Space Over Time • 11/4/11 – 12/11/11

Space Over Time

Oliver Warden, Ziggeraut, 2010, Oil on Canvas, 21″ x 26″

November 4th – December 11th, 2011
Opening reception: November 4th, 6 – 9pm
Open Weekends: 12 – 6pm and by appointment
Location: 722 Metropolitan Avenue, Brooklyn NY 11211
Directions: L – train to Graham Avenue [map]
2nd Friday Art Walk: November 11th & December 9th,2011

“. . .a landscape is not a natural feature of the environment but a synthetic space, a man-made system of spaces superimposed on the face of the land, functioning and evolving not according to natural laws but to serve a community…. A landscape is thus a space deliberately created to speed up or slow down the process of nature. . . . it represents man taking upon himself the role of time.”
—John Brinkerhoff Jackson, Discovering the Vernacular Landscape

Space Over Time is an exhibition of artists whose work uses landscape as a means of investigating history. Through practices which oscillate between representation and abstraction, the artists in this exhibition find within landscape not just a place in the present, but also a physical manifestation of historical time, whether that history is geological, political, imaginary, or all of the above.

Artists: Gina Dawson, Lauren Portada, Benjamin Tiven, Oliver Warden, Lauren Warner
Curated by Thomas Marquet

Oliver Warden’s paintings subsume diagrammatic renderings of landscapes into works which are palimpsests of time and place. In his work, multiple cartographies are absorbed into the language of abstract painting. In their layering, his works not only offer the optical present of abstraction, but also literally manifest the accumulation of geological and political history which shapes the world we live in, and by extension, the painting we’re looking at.

Geology, politics, and painting also intersect in the work of Lauren Warner. Her painting begin with the picturesque landscape of the US National Parks system, but subtly upend this idea of nature as “view” by picturing natural phenomena which frustrate our vision and processes which occur so slowly as to appear entirely static. With these images Warner reflects our tendency to imagine nature as a thing to visit and view, but frustrates that desire by offering us images which obscure as much as they reveal.

In Lauren Portada’s works on paper, we see a similar vision of spectacular nature, here deformed and obscured by an invasion of alien forms, instances of abstraction which foreshadow the “invasion” of wild spaces by human agency. These crystalline objects are not only figures within the natural world, but also axes around which spaces are folded and fissures appear, allowing for other places to intersect with these landscapes.

Gina Dawson’s work considers a different invasion of alien forms. In So You Won’t Be Lonely, Dawson takes as her subject the anonymous intervention of the crop circle. Whether the work of misguided land artists or extraterrestrials with poor communication skills, these paradoxically anonymous signatures impart to the landscapes on which they appear a greater significance. Dawson’s cut paper field brings two vernacular sculptural forms together, creating not merely the form of communication, but the very field which makes it possible, hinting at the larger history of which these circles are a part, that of our efforts to communicate with forces greater than ourselves, and the equal parts hope and fear which inform those efforts.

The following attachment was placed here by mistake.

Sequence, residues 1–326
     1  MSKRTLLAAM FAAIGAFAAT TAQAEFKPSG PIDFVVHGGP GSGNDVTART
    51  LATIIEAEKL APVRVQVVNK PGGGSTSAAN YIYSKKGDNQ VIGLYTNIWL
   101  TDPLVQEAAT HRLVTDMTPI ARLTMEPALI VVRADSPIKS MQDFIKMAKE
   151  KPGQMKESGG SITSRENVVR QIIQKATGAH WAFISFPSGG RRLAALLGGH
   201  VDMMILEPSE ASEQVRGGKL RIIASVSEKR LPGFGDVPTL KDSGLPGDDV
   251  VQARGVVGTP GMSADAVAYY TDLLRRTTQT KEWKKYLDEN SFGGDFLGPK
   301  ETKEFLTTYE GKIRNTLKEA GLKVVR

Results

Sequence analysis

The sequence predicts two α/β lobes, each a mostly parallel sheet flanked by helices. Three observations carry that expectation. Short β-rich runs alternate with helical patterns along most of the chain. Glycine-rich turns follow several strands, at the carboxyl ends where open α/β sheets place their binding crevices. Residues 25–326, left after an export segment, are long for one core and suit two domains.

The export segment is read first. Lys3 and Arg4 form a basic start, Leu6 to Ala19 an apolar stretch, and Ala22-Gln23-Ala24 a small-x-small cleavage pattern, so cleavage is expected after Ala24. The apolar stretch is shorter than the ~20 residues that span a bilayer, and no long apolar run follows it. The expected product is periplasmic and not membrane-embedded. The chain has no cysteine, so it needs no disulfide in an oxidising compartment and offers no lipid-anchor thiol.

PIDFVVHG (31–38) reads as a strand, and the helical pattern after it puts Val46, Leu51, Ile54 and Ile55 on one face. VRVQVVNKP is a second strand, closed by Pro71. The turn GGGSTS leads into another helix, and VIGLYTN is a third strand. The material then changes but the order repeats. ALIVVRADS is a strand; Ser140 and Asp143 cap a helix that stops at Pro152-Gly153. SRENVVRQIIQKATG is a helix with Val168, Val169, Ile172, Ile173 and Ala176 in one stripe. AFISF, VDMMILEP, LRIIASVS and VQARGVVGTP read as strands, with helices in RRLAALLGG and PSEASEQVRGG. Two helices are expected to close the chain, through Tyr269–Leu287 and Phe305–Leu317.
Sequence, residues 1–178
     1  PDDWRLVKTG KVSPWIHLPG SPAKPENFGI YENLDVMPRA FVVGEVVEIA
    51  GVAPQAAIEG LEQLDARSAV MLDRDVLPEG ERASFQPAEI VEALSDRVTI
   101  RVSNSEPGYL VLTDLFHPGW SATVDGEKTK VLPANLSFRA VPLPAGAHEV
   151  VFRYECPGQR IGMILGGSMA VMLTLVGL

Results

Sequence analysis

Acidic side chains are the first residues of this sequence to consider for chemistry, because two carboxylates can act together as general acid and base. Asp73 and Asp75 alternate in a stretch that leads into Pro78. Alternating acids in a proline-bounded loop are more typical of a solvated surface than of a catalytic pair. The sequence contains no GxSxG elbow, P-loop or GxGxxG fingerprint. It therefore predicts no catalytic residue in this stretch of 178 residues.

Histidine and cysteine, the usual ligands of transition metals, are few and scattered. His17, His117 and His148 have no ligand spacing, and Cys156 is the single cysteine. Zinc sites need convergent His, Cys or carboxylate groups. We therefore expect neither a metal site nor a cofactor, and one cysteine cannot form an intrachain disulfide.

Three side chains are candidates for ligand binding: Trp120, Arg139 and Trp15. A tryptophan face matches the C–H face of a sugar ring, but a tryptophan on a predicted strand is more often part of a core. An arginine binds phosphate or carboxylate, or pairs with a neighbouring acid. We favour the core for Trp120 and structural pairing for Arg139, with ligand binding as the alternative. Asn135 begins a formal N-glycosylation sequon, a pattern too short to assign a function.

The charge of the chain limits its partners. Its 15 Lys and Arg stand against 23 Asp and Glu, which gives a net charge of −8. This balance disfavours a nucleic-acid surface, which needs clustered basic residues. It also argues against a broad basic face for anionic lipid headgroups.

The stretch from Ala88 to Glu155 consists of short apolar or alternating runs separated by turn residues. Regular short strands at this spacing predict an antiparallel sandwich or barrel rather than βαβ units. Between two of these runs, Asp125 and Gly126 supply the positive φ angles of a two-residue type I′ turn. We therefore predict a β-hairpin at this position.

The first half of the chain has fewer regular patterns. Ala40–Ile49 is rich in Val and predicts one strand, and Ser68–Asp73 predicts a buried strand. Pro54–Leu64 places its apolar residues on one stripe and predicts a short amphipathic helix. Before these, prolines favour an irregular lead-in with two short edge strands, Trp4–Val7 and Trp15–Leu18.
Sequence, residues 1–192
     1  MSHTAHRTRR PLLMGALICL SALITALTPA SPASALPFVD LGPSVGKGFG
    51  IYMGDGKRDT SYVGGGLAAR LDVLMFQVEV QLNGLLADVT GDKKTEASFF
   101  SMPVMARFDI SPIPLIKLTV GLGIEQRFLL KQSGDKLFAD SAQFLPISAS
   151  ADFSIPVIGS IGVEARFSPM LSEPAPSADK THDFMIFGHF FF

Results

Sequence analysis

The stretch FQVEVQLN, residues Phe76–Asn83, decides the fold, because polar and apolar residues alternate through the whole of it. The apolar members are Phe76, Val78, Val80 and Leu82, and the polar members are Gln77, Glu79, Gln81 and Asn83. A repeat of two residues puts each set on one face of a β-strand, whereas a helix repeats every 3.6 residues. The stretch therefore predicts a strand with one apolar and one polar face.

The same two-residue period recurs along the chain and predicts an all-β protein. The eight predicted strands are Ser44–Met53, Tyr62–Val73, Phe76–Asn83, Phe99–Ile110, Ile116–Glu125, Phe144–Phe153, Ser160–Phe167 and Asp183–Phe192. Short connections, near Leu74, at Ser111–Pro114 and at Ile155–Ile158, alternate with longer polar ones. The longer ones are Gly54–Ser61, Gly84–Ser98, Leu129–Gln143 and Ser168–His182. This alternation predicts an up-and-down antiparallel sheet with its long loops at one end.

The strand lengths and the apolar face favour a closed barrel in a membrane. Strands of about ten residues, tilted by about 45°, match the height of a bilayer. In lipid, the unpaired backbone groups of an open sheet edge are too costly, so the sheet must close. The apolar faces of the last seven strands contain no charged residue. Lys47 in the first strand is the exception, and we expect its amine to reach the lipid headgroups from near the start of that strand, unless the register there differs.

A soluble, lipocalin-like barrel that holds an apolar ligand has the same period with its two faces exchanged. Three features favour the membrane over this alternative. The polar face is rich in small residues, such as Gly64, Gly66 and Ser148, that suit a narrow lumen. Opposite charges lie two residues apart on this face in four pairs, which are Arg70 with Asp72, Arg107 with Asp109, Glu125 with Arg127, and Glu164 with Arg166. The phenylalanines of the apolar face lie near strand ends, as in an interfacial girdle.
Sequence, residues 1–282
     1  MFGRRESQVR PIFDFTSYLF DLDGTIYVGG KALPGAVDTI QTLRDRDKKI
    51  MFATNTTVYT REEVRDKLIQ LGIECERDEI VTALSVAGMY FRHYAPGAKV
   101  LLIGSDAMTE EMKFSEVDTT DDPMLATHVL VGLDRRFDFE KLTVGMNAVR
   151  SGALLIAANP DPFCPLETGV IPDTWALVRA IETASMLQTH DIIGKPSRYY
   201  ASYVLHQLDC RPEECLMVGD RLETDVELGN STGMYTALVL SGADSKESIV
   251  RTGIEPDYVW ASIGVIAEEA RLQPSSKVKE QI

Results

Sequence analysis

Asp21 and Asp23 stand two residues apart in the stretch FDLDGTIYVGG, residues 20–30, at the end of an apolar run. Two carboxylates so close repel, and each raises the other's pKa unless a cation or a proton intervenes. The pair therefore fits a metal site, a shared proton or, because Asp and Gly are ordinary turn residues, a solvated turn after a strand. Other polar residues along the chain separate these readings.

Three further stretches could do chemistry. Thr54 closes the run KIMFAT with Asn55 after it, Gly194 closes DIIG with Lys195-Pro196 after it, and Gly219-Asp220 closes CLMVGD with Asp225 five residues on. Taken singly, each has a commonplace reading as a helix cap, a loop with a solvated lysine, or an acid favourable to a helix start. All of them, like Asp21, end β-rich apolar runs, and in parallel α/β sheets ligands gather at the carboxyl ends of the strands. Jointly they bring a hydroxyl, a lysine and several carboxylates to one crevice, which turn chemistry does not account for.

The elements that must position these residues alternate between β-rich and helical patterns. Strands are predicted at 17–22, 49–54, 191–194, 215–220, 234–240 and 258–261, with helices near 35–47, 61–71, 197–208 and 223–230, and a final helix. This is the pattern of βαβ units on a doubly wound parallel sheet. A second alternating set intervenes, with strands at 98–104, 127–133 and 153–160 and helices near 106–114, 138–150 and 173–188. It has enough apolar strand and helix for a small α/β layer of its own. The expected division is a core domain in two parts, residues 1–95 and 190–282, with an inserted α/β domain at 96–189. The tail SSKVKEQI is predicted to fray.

While Benjamin Tiven’s work also addresses interventions in the landscape, it does so to very different ends. In The Delight of the Yearner, the built landscape provides a cross-section of the experience of exile in the 20th century. The site of the Oceanic hotel in Mombasa, Kenya, provides a point of intersection of the lives of the German exile architect Ernst May and the Romanian exile urban planner Erica Mann. The intersection of their histories on this site serves as a point from which to consider the relationship between individual lives and the historical forces which shape them. This is reflected in the photographs of the ground on which the Oceanic hotel once stood, in which Tiven considers the ground itself, creating images in which description and abstraction are mutually entangled.

For all of these artists, the landscape serves not just to address history but also to consider the history of its representation. Whether by conflating geological history with current events, considering the history of our notions of natural beauty, or investigating the ways in which our interventions in the landscape reflect not only the time in which they were made but the history of which they wish to be a part, all these artists access history by considering space over time. – Thomas Marquet

Camel Art Space is an Artist operated exhibition Space with a focus on current trends in art within a not for profit work frame, is a member of Williamsburg Gallery Association and is participating in 2:nd Friday Art Walk. Situated in one of New York’s artistically defining neighborhoods we strive to provide an accessible exhibition platform and meeting venue for artists, curators and audience alike.

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